But were these startups, mostly turned into companies by now making profits? NO! They were generating revenues, but profit was still miles away. According to a Business Standard report, For a Rs 100 sale of a book, the e-tailer incurs a loss of Rs 24 for a Rs 100 sale of a book and Rs 13 in Mobiles. Needs no mention, VC money was backing them and letting them stand strong, even without making any profit.
Considering even the current scenario, e-commerce players still haven’t started making significant profits and with new entrants in the market including the global names made it even worse and the e-commerce war had begun.
How big is the penetration?
Even with a significant rise in online retailing, e-commerce holds mere 1% of the total market share of Indian retail industry. Yes, this is astonishing but true!
Is the e-commerce a perfect solution?
It’s evident that e-commerce has been offering certain value propositions for the shoppers- convenience and discounts. But cannot serve the whole Indian population as internet penetration is still an issue, however fast it may grow. According to Google India report, only 8% population shopped online in 2012.
Also, online shopping may affect social lives in a long run. A BBC report states how people’s lives are getting affected by e-commerce. Imagine yourself getting everything at your door-step and thus not leaving your home at all, other than work. Also, think of the highly-jammed traffic with delivery vehicles on the roads. Shopping is an experience more than a need, it would help maintaining social life to an extent.
e-commerce may give you a nice virtual shopping experience, but does it provides you the best of a customer service that you expect? Imagine your online delivered refrigerator not working 6 months later, you will have a deadly experience. Recently on social media many consumers even claimed nuisances by online retailers of delivering empty boxes, or a grocery products in boxes of expensive smartphones.
Then why e-commerce?
Given all these factors why consumers are changing their behavior and getting away from local shopping experience? Is it not fun anymore? Many say it’s time consuming and painful process to reach out to the right store. It means, due to increasing technology usage when the big retail industry is still yet to equip technology in their model, consumers find it hard to find the right store to shop.
Will any of the two die?
None will die! Although e-commerce is facing instability in terms of revenues and profits, it will gain stability in future when a certain population would choose it for their shopping needs. For local retail, it’s huge and in Indian market e-commerce can never solve the problems of the whole population.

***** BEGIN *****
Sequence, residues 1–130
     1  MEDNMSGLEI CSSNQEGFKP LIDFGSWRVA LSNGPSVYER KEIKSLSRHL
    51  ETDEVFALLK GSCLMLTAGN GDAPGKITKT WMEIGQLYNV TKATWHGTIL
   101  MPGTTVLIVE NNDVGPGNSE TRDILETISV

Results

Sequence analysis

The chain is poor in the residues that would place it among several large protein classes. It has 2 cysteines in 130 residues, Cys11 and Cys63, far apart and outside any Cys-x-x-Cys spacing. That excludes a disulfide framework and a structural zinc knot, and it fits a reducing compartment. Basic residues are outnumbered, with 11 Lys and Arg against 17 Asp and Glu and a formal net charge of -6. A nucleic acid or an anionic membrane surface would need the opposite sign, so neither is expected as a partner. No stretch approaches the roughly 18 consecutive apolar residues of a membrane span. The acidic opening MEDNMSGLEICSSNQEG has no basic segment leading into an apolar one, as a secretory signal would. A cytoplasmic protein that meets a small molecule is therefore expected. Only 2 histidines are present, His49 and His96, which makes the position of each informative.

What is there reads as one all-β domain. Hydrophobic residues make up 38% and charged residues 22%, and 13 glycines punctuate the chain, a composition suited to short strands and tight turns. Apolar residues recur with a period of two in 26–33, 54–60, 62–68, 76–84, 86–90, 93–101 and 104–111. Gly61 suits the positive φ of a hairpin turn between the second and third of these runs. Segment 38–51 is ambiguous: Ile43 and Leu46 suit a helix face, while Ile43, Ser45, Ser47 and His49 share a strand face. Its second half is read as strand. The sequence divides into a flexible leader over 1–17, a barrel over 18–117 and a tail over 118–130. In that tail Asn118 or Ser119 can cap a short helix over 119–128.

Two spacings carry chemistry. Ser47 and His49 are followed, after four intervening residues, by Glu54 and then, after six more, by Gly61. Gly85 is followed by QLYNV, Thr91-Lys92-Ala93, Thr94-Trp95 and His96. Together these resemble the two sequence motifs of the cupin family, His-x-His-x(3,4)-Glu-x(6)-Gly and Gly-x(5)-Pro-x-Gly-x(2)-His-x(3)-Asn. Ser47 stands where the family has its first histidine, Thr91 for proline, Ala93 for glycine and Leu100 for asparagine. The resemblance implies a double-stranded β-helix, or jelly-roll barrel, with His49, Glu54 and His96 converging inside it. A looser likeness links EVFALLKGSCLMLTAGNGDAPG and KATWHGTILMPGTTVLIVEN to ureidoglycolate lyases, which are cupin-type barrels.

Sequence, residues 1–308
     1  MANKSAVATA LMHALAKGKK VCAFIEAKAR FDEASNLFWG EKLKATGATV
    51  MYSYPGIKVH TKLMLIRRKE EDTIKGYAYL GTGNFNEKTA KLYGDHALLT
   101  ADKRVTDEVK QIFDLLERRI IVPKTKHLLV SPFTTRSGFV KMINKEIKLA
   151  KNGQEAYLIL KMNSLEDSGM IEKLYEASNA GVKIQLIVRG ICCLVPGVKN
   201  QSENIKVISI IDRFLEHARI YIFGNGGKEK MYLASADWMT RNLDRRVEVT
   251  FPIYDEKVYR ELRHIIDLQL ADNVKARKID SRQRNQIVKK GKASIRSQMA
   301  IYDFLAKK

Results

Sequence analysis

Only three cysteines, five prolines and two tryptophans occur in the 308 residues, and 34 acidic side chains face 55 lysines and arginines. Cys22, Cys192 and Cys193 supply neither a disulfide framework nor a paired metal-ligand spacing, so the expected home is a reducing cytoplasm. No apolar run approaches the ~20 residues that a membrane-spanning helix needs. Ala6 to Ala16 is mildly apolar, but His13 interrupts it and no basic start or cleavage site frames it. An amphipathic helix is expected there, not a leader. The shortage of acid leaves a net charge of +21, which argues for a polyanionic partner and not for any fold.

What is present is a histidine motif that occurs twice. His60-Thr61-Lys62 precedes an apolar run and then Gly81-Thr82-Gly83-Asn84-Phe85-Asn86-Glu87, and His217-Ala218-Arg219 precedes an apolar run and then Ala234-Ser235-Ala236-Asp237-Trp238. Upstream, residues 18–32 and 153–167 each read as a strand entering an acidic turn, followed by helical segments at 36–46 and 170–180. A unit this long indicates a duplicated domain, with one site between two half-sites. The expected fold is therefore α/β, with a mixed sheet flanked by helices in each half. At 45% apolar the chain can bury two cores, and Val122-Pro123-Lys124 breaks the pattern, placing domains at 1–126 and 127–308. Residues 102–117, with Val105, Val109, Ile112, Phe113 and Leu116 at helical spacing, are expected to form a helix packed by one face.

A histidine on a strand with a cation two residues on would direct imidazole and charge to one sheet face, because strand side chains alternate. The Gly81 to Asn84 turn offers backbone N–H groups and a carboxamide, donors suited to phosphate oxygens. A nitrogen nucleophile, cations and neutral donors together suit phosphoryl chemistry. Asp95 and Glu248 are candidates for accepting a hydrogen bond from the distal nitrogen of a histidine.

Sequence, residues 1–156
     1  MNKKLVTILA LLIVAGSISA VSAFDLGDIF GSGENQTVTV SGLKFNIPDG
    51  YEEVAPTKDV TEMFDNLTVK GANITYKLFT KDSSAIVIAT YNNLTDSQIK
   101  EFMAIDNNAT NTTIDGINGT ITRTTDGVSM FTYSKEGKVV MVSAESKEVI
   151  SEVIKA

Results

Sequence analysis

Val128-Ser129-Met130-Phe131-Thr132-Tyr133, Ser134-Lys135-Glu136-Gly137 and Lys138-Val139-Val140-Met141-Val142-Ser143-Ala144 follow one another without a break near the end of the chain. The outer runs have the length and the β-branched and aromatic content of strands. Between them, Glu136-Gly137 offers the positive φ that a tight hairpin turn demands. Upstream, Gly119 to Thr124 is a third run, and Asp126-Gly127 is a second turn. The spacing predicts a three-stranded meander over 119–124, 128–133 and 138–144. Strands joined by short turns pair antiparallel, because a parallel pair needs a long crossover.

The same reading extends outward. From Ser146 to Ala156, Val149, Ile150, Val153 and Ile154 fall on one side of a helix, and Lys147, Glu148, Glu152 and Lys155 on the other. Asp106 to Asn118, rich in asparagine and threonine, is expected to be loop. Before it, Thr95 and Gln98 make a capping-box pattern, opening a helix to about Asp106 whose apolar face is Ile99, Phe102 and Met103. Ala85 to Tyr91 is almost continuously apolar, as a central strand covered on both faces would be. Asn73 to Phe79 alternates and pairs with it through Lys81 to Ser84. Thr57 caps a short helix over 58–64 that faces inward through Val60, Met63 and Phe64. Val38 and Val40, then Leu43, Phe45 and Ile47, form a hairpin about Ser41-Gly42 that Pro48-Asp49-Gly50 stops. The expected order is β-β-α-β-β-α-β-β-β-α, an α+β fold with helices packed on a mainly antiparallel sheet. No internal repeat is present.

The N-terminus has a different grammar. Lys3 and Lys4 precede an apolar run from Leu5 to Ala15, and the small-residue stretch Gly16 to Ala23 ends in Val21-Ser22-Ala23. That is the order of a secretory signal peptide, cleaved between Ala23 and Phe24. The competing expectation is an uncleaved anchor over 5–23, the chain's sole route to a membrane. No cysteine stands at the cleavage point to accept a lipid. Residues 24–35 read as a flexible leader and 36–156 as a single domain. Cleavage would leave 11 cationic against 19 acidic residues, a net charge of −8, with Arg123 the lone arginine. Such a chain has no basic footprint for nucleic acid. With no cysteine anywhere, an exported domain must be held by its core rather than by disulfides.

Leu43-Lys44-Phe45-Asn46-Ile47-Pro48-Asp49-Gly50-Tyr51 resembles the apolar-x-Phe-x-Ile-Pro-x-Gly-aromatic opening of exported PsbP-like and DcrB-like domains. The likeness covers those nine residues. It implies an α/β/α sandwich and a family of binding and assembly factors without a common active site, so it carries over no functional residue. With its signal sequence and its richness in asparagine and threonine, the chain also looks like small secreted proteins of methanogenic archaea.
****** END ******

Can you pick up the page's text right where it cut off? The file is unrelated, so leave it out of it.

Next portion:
Introduction of new technologies / startups
Startups and investors have most likely recognized the scenario and they are not hesitating building and promoting new technologies to support local retail. One of them and which have become very popular now-a-days is Mobile Commerce, commonly known as m-commerce. Apart from these many Indian startups are providing tools or solutions for consumer analytics which eventually support local sellers.
Is M-Commerce helping?
Definitely Yes! Some even say this will shape the future of retail industry in India. Smartphones have revolutionized the shopping experience despite low-penetration, but brick-and-mortar stores are still the prominent force in driving sales. Retailers are using location-based marketing techniques to optimize their in-store experiences with the most significant enhancements from location-aware technology. So M-commerce is a new rising technology star in India which aims to improve the shopping experience, but not to hamper the conventional methods, rather it is empowering the same. This hand-to-hand support between m-commerce and local retailing seems to win the case and provide a sustainable solution to the retail problems in India. I intend to write more and share more insights on m-commerce in my next article.
So, it’s clearly evident that M-commerce is a new rising technology star in India which aims to improve the shopping experience, but not to hamper the conventional methods, rather it is empowering the same. This hand-to-hand support between m-commerce and local retailing seems to win the case and provide a sustainable solution to the retail problems in India. If you are the one like me you have all the intentions to join the
If you are the one like me you have all the intentions to join the bandwagon and closely monitoring each and every move in the industry, then stay tuned; we are going to dig the industry deeper to find more intelligence and actionable insights for you.